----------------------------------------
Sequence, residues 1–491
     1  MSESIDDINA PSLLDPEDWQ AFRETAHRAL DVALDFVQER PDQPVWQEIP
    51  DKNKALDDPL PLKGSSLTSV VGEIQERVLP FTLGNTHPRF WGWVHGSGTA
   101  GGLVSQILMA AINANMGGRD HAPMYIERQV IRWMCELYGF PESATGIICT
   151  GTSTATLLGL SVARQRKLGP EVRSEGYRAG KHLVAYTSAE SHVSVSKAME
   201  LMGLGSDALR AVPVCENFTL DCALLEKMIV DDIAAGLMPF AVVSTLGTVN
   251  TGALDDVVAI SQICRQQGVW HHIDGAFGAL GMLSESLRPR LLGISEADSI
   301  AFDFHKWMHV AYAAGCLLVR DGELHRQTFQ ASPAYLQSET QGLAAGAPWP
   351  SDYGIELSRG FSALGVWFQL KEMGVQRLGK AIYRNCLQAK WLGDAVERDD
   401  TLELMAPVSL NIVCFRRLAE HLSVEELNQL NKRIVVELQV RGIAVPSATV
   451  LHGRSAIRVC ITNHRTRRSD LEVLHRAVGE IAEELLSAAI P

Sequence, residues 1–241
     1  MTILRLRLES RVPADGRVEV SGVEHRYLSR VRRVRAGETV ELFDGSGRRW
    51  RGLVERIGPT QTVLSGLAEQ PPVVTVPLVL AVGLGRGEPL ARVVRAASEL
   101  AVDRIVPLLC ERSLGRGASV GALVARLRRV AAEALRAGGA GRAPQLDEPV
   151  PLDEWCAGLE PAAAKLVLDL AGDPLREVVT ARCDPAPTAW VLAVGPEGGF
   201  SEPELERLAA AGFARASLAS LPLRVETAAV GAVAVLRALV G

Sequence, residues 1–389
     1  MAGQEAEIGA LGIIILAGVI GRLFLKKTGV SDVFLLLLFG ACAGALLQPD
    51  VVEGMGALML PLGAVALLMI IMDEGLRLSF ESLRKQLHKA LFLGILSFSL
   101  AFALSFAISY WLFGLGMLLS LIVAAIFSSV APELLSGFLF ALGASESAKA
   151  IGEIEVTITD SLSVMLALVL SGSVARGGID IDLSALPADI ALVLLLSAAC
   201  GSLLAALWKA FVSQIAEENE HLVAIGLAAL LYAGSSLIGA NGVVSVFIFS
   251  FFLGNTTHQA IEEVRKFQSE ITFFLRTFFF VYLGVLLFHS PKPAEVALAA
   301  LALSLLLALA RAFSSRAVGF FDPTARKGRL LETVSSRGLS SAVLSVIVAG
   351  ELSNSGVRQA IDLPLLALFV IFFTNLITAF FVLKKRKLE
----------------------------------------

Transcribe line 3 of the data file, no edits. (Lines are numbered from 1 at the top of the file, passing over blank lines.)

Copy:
    51  DKNKALDDPL PLKGSSLTSV VGEIQERVLP FTLGNTHPRF WGWVHGSGTA